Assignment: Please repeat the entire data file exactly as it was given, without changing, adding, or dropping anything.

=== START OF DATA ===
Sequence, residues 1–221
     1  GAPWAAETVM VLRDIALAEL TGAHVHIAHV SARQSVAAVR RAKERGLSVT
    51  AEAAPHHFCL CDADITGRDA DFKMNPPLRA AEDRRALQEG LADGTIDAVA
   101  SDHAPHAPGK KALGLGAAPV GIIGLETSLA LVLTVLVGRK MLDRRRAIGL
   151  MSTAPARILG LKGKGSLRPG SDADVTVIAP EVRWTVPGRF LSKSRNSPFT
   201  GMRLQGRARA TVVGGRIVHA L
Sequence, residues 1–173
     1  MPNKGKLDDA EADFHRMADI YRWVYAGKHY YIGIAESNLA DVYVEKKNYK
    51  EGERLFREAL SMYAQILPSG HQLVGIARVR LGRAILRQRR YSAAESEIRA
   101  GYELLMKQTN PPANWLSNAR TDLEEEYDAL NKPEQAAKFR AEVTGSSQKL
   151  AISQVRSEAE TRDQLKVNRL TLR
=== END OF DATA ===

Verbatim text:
Sequence, residues 1–221
     1  GAPWAAETVM VLRDIALAEL TGAHVHIAHV SARQSVAAVR RAKERGLSVT
    51  AEAAPHHFCL CDADITGRDA DFKMNPPLRA AEDRRALQEG LADGTIDAVA
   101  SDHAPHAPGK KALGLGAAPV GIIGLETSLA LVLTVLVGRK MLDRRRAIGL
   151  MSTAPARILG LKGKGSLRPG SDADVTVIAP EVRWTVPGRF LSKSRNSPFT
   201  GMRLQGRARA TVVGGRIVHA L
Sequence, residues 1–173
     1  MPNKGKLDDA EADFHRMADI YRWVYAGKHY YIGIAESNLA DVYVEKKNYK
    51  EGERLFREAL SMYAQILPSG HQLVGIARVR LGRAILRQRR YSAAESEIRA
   101  GYELLMKQTN PPANWLSNAR TDLEEEYDAL NKPEQAAKFR AEVTGSSQKL
   151  AISQVRSEAE TRDQLKVNRL TLR